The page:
"Snap out of it," she growled. "You're Finnick Odair, alright? You can do this. You want to know why nobody volunteered for you today? Because you're a victor. You've been top of everything since you were ten years old. Since when have you ever let a little thing like nobody's ever done it before stop you?"

Finnick's cheek was burning. So were Siobhan's eyes. He suddenly remembered something she'd told him a long time ago, that when she was fifteen years old her eighteen year old sister had volunteered and had her throat cut open by a boy from District One.

"So here is what you are going to do," she said. "You are going to march up to the Capitol. You're going to turn on that patented Odair charm. You are going to make each and every person in that city love you. And then you are going to do everything it takes to get back home to us, do you hear me?"

He nodded.

"Good," she said harshly. Then her voice and face softened. For a moment Finnick thought he saw his mother somewhere in her face. "I'll see you when you get home."

She got up, her hand trailing along his for a moment, then left. Finnick's vision swam with tears that had nothing to do with the ache in his cheek.

Was it true, what she said? Could he really win the games? It wasn't like he hadn't imagined it. He went to the training rooms on most nights, learned to kill a person hundreds of different ways and survive in a hundred different situations. He could not deny ever lying in bed and hearing Ceasar Flickerman introducing "Your victor, Finnick Odair!" Not like he didn't want the glory and honor. But that was child's stuff, from before he'd gotten old enough to realize what "keeping the districts in line" really meant. That was before Neil's name had to go into that glass bowl again and again to keep Finnick from starving. Before he'd watched Neil's best friend Tempest's guts explode all over his TV screen.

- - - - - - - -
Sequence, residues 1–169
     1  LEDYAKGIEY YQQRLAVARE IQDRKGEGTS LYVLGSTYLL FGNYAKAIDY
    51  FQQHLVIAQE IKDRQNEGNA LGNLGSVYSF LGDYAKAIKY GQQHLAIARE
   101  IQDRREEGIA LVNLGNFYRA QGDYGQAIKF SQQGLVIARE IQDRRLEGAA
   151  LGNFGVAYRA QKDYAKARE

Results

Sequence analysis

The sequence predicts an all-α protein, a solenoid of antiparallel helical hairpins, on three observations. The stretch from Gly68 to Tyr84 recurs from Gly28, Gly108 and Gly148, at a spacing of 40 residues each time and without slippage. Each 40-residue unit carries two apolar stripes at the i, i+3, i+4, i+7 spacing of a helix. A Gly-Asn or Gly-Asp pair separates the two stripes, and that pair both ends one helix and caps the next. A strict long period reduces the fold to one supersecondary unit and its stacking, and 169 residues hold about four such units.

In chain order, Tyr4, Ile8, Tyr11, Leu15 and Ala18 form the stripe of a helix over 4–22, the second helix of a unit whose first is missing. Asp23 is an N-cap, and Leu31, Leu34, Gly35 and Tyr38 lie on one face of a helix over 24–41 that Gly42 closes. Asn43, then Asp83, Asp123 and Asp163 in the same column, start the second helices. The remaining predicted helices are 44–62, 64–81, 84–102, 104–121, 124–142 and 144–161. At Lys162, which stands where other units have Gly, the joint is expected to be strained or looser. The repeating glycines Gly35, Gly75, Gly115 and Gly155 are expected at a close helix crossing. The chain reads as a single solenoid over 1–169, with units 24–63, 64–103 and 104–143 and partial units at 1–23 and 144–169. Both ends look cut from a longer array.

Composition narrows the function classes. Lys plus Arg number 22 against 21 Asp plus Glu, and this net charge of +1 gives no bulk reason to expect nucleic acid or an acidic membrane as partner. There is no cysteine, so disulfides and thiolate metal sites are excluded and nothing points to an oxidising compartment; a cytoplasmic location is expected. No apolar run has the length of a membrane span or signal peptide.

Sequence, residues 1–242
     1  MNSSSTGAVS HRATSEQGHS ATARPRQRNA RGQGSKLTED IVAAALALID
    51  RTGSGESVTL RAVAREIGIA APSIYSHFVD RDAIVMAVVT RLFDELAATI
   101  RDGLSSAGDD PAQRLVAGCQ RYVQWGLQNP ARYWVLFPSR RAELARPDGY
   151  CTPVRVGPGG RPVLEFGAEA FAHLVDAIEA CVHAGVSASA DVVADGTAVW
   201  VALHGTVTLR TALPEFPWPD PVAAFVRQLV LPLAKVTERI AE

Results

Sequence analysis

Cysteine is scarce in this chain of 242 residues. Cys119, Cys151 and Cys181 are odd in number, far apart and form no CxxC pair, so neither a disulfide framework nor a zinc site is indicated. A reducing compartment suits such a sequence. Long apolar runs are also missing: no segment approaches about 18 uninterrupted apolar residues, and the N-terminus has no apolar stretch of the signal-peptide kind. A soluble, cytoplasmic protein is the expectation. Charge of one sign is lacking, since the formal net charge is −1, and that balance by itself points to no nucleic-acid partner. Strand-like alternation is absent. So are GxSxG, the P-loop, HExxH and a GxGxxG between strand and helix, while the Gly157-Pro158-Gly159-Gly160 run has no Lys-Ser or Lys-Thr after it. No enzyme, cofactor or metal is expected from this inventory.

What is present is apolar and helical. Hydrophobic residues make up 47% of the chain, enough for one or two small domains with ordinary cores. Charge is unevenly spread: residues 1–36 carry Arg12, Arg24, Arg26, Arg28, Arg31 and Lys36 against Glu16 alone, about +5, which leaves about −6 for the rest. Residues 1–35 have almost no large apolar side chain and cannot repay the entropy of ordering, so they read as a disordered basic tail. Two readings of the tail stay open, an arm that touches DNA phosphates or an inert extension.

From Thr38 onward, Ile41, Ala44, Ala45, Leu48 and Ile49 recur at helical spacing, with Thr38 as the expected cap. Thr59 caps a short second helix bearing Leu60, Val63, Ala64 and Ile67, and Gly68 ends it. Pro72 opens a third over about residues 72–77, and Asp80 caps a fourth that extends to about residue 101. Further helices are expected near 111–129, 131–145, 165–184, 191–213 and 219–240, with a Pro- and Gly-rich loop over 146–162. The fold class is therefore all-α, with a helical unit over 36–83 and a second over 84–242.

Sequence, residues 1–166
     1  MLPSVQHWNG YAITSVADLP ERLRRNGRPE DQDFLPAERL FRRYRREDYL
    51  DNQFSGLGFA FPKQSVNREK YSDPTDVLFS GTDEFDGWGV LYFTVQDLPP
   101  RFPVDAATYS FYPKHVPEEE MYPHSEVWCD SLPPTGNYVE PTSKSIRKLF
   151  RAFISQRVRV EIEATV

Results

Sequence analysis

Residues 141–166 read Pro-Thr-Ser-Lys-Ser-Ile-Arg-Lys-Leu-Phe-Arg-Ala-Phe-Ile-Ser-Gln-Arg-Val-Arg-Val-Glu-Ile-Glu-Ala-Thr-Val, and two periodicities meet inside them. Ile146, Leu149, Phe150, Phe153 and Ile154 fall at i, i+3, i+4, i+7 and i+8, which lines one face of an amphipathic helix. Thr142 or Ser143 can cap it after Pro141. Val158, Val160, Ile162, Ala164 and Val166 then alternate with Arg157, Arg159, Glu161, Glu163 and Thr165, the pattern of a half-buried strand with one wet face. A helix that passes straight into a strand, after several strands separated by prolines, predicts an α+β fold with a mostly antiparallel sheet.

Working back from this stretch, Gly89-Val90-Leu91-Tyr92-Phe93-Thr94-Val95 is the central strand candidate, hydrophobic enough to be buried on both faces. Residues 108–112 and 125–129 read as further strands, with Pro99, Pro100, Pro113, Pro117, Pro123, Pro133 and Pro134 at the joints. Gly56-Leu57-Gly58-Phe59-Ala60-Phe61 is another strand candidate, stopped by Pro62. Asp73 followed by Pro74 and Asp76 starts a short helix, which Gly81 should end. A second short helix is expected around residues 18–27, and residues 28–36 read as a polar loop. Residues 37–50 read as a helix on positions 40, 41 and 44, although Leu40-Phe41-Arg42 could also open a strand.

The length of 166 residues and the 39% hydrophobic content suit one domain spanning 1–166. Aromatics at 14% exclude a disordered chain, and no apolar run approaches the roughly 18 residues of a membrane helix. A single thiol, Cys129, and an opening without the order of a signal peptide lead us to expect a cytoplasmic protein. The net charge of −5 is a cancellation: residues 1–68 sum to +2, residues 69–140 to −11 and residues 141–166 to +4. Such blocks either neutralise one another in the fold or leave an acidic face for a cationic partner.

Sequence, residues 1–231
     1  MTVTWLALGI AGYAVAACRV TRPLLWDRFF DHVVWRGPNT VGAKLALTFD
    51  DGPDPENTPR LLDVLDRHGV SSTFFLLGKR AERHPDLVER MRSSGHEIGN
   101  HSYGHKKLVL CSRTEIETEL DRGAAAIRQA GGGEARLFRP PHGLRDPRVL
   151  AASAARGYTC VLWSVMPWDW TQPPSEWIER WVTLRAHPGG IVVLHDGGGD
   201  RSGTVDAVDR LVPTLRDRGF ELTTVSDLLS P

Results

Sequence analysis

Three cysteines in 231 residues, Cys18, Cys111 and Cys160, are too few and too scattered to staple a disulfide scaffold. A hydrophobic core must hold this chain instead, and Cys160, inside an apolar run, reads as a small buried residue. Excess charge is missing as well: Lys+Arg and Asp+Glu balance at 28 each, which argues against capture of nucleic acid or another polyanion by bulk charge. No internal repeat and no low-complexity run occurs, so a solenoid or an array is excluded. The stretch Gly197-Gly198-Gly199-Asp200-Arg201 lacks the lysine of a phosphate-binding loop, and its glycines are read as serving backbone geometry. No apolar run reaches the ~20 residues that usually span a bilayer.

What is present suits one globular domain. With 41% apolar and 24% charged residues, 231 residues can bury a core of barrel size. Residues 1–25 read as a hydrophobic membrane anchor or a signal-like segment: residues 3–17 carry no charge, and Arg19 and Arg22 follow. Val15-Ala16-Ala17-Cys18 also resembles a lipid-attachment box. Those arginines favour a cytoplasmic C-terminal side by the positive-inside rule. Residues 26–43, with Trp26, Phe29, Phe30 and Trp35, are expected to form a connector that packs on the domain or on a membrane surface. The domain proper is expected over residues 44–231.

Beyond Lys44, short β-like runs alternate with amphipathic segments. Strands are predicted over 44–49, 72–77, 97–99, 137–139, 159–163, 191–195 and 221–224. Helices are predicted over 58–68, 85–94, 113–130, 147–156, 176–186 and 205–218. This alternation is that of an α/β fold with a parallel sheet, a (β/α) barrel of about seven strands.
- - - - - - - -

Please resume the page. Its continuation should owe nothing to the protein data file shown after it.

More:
But why couldn't he win? He had been toppling children twice his age since he was three. He was hardly inexperienced. And it was also true that the capitol's favorites had the easiest time. With their weakness for beauty, there was no way he couldn't win them all over.

I could win, he realized. I could do it.

"Mr Odair," a peacekeeper said from the doorway. "Is there anyone else you'd like to see?"

My father, he opened his mouth to say, but then closed it and shook his head. His father was safe at home. Best to just leave him.

"In that case, please come with me to the train."

Finnick rose unsteadily to his feet and followed the peacekeeper through the justice building. It wasn't going to be easy. He'd need a high score from the judges or nobody would be betting on him, no matter how pretty he was. Most times an eight was considered solid, but as a fourteen year old he'd need at least a nine. He wondered fleetingly who his mentor was before the peacekeeper lead him up to the door of the train.

"Your compartment is down the hall," she said, not unkindly. Finnick just nodded. He thought she looked a little put out by his silence, but there was to much going on inside his head to risk opening his mouth. He shuffled down the hall and pushed open the compartment door.

Apparently the capitol had wanted to make it look more homey. The walls were painted like waves, light blue with white caps, and holographic seagulls glimmered in the air above him. Finnick thought it all looked patently ridiculous, but the bed was large and inviting, and he fell right into it and a deep sleep.